Some breeders and breed enthusiasts insist that dogs without hair, with short fur, with hair instead of fur or of a specific breed are hypoallergenic dogs. Unfortunately, research funded by the National Institute of Allergy and Infectious Diseases has shown that most of these claims are simply false.
The researchers visited 173 single dog homes in Detroit. Once inside, they vacuumed the home’s floors, looking for bits of the stuff that makes people with dog allergies sneeze: canis familiaris 1, a protein found in the dog’s saliva.
Working off of popular rumors, the study was sure to include “hypoallergenic” breeds such as poodles, shih tzus, terriers and even labradoodles. The dogs with breeds commonly claimed to be hypoallergenic had the exact same levels of allergens of other dogs, both purebred and mutts.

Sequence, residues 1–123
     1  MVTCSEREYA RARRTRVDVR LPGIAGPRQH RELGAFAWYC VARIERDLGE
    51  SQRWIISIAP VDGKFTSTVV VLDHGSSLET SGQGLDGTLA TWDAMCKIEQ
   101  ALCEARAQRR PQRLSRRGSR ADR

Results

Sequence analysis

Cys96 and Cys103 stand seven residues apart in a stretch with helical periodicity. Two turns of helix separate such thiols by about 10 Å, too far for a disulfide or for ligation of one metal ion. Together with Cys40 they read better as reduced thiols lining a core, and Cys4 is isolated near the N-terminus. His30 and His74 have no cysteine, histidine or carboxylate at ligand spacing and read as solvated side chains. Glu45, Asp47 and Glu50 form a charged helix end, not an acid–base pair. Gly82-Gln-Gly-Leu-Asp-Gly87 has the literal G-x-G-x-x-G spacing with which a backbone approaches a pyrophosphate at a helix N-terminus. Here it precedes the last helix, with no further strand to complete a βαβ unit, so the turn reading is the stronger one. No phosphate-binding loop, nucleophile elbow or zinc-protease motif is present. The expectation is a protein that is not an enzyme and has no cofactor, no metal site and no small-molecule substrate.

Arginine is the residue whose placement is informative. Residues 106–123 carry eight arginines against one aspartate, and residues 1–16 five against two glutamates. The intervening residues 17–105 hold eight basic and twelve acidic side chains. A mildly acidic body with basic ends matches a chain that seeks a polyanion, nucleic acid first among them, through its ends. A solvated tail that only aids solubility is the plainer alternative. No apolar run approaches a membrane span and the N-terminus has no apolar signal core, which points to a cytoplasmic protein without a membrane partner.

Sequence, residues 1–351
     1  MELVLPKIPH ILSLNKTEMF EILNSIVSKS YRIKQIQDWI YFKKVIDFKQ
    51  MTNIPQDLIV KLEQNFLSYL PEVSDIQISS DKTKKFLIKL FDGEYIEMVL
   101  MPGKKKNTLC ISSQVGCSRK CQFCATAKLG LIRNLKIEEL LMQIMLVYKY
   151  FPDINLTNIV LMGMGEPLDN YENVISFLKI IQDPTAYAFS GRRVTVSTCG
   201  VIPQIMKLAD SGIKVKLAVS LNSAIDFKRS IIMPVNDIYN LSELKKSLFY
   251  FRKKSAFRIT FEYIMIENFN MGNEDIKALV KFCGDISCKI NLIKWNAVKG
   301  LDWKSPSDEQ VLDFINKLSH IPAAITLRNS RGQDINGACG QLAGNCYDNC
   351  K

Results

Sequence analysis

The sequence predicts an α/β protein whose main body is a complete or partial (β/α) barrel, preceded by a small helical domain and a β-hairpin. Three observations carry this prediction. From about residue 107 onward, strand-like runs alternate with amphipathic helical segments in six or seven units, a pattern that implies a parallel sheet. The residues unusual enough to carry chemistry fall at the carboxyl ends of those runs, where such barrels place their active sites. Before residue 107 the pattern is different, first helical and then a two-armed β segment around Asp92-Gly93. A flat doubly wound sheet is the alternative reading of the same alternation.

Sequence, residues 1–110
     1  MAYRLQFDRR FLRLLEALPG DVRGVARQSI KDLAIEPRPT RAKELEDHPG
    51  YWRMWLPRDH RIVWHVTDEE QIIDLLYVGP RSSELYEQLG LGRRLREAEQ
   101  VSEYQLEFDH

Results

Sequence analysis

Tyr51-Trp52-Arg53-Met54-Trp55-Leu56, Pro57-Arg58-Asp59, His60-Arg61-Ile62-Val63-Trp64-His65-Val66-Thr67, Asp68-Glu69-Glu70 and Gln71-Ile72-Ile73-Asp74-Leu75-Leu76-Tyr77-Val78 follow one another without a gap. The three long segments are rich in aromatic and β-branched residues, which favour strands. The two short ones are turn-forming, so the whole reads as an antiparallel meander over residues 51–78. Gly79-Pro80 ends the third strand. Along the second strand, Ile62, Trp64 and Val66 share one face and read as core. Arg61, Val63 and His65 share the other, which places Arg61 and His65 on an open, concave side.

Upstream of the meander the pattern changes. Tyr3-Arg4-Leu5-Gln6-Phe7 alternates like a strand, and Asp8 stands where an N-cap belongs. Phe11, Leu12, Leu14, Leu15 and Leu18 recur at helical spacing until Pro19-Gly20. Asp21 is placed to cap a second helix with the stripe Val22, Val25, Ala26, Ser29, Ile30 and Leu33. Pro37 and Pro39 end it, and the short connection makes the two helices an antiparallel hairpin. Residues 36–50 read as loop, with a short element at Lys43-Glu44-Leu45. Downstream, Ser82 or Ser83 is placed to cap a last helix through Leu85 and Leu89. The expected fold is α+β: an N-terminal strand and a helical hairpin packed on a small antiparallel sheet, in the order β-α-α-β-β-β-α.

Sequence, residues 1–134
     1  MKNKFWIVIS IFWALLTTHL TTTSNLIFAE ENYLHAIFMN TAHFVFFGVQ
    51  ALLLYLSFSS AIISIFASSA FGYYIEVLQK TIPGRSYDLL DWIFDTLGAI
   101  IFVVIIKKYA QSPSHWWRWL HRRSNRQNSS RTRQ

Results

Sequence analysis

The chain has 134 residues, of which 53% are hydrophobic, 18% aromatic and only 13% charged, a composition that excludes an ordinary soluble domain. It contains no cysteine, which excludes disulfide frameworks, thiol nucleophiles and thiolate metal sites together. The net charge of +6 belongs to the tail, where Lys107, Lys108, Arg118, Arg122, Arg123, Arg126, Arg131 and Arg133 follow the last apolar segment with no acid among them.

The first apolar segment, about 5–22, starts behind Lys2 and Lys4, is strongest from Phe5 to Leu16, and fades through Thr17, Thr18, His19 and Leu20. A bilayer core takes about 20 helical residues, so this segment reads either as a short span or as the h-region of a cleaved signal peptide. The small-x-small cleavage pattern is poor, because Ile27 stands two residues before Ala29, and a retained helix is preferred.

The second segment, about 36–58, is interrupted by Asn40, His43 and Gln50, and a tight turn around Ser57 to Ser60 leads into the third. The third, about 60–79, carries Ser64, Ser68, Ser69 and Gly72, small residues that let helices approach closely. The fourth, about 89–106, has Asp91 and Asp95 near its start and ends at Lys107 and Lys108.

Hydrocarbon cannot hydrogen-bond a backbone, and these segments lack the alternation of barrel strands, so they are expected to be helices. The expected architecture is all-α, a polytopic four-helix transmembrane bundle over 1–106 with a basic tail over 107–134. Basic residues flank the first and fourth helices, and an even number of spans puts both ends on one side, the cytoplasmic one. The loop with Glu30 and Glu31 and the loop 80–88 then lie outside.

What the researchers did find was that dogs that have been spayed or neutered had homes with higher allergen levels than unaltered dogs. Homes with tile and wood had less allergens than those with carpets. Even homes with outdoor only dogs had allergens in the home, but the levels were less than homes with indoor/outdoor dogs. Half of homes without dogs at all have the allergen, likely due to previous tenants having dogs.
By Ramie A. Tritt, M.D., President, Atlanta ENT